In an article about his own translation of Merriman's poem, Ciaran Carson wrote, "On the morning of New Year's Day 2005 – the year of the 200th anniversary of Merriman's death – I dreamed about Merriman. I was wandering on a dark hillside when I saw a light in the distance. I followed it, and came to a little house. The door was ajar; timidly, I pushed it open. Merriman was sitting by the hearth, wearing a greatcoat. He gestured at me to sit down. I did so, and we conversed. True, he did most of the talking, but I was fully able to follow the flow of his intricate Irish. I cannot remember what was said. When I awoke, I was disappointed to find my Irish restored to its former poverty. But I felt that I had been touched, just a little, by the hand of the Master."[54]

Legacy in County Clare[edit]

Cumann Merriman was founded in 1967 to promote the poet's work. They run an annual Merriman Summer School in County Clare each August. John Ardagh, who visited the annual Merriman festival in the region during the 1990s, described the event as, "very merry."[55]

In 2005, the Clare County Library released a CD recording of a local seanchaí reciting Cúirt an Mheán Óiche in the traditional oral manner. Although it has not been made available for purchase, Cumann Merriman has posted excerpts on their website. For added contrast, the same passages are also reproduced from a modern dramatic reading of the poem.

Seamus Heaney (1939–2013)

At the end of a 1993 lecture on Merriman's life and work, Seamus Heaney declared, "Perhaps I can convey the ongoing reality of the poem's life more simply by recollecting a Saturday evening last August when I had the privilege of unveiling a memorial to Brian Merriman on the shore of Lough Graney in Co. Clare, where the opening scene of 'The Midnight Court' is set. The memorial is a large stone quarried from a hill overlooking the lake, and the opening lines are carved on it in Irish. The people who attended the ceremony were almost all from the local district, and were eager to point out the exact corner of the nearby field where the poet had run his hedge school, and the spot on the lough shore where he had fallen asleep and had his vision. This was, and is, the first circle where Merriman's poem flourished and continues to flourish. Later that evening, for example, in a marquee a couple of miles down the road, we attended a performance by the Druid Theatre Company from Galway in which the poem was given a dramatic presentation with all the boost and blast-off that song and music and topical allusion could provide. Again, hundreds of local people were in the tent, shouting and taking sides like a football crowd, as the old man and the young woman battled it out and the president of the court gave her judgement. The psychosexual demons were no longer at bay but rampant and fully recognised, so that the audience, at the end of the performance, came away from the experience every bit as accused and absolved as the poet himself at the end of his poem. The 'profane perfection of mankind' was going ahead and civilisation was being kept on course; in a ceremony that was entirely convincing and contemporary, Orpheus has been remembered in Ireland."[56]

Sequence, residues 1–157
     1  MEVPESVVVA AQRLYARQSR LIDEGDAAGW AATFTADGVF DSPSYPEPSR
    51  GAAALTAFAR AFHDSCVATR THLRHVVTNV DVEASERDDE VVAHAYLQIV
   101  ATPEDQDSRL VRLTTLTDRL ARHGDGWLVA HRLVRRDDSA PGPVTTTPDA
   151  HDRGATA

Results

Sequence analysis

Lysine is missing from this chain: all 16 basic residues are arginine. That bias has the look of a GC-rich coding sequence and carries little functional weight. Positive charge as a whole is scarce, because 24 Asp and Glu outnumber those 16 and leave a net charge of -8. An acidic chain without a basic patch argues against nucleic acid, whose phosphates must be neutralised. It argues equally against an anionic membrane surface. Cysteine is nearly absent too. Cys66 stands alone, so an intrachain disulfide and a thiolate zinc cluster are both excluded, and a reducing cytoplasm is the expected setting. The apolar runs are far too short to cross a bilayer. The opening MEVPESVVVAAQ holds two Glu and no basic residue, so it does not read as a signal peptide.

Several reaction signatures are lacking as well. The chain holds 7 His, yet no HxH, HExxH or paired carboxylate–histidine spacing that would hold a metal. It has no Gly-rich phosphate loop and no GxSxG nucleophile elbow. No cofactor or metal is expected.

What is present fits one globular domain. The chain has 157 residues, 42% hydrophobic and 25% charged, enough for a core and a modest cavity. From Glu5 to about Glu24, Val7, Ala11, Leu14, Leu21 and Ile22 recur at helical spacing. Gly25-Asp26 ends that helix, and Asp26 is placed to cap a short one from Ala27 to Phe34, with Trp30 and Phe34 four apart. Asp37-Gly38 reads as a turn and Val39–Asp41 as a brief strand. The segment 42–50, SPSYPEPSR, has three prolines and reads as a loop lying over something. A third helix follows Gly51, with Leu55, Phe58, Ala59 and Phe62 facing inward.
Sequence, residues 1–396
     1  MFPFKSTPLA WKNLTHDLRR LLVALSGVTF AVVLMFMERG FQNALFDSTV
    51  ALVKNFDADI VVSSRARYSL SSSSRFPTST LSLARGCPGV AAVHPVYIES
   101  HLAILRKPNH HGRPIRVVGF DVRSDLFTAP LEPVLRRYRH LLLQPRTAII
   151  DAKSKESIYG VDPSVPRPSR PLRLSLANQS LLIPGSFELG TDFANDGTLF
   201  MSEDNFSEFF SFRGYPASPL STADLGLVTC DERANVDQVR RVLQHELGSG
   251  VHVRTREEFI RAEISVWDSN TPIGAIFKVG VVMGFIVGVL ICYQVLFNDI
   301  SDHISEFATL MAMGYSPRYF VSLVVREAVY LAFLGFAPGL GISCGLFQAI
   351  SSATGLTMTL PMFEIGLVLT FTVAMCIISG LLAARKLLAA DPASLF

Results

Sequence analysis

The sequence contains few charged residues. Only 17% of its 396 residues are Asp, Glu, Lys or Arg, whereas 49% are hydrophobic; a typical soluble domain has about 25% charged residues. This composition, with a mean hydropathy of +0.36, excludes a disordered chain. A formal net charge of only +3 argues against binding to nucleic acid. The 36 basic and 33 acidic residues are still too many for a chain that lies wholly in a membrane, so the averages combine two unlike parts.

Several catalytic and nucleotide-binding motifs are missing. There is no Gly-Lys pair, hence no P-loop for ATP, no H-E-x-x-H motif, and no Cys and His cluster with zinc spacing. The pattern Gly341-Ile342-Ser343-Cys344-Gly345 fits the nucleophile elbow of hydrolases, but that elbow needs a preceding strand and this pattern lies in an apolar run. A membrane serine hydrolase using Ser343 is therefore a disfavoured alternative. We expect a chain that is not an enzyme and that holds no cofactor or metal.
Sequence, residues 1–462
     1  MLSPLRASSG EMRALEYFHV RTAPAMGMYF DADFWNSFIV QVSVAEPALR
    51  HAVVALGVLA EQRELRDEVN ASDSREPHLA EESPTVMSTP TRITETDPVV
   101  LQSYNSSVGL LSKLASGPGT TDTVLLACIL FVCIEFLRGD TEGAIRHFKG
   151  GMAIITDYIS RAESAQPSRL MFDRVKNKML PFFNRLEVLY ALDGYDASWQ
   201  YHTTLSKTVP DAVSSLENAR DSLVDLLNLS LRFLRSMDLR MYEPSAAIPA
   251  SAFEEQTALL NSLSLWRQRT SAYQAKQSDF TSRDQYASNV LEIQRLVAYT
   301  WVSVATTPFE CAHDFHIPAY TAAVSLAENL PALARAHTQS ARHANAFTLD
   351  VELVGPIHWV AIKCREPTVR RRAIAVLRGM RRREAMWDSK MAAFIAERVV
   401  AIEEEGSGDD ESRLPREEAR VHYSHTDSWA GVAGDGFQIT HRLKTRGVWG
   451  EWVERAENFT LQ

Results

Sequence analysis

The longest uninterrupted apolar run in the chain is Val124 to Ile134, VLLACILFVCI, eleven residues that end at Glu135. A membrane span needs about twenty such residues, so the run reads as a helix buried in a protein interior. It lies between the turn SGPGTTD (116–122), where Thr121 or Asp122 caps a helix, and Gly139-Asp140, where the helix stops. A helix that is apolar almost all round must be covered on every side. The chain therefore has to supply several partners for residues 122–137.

In popular culture[edit]

See also[edit]


  1. ^ The Midnight Court Opera, by Tom Service, The Guardian, 1 Jul 2006.
  2. ^ Cúirt an Mheadhon Oidhche by Brian Merriman: Risteard Ó Foghludha: review by T. F. O'Rahilly, Gadelica: A Journal of Modern Irish Studies, Vol. 1. No. 3 (1913), pp. 190-204.
  3. ^ Seán Ó Tuama, Brian Merriman and His Court, pg. 158.
  4. ^ "Touched by the Master" by Ciaran Carson. The Guardian, Fri 3 June 2005.
  5. ^ William Butler Yeats (1962), Explorations, Selected by Mrs. W.B. Yeats. Pages 281-286.
  6. ^ William Butler Yeats (1962), Explorations, Selected by Mrs. W.B. Yeats. Pages 281-286.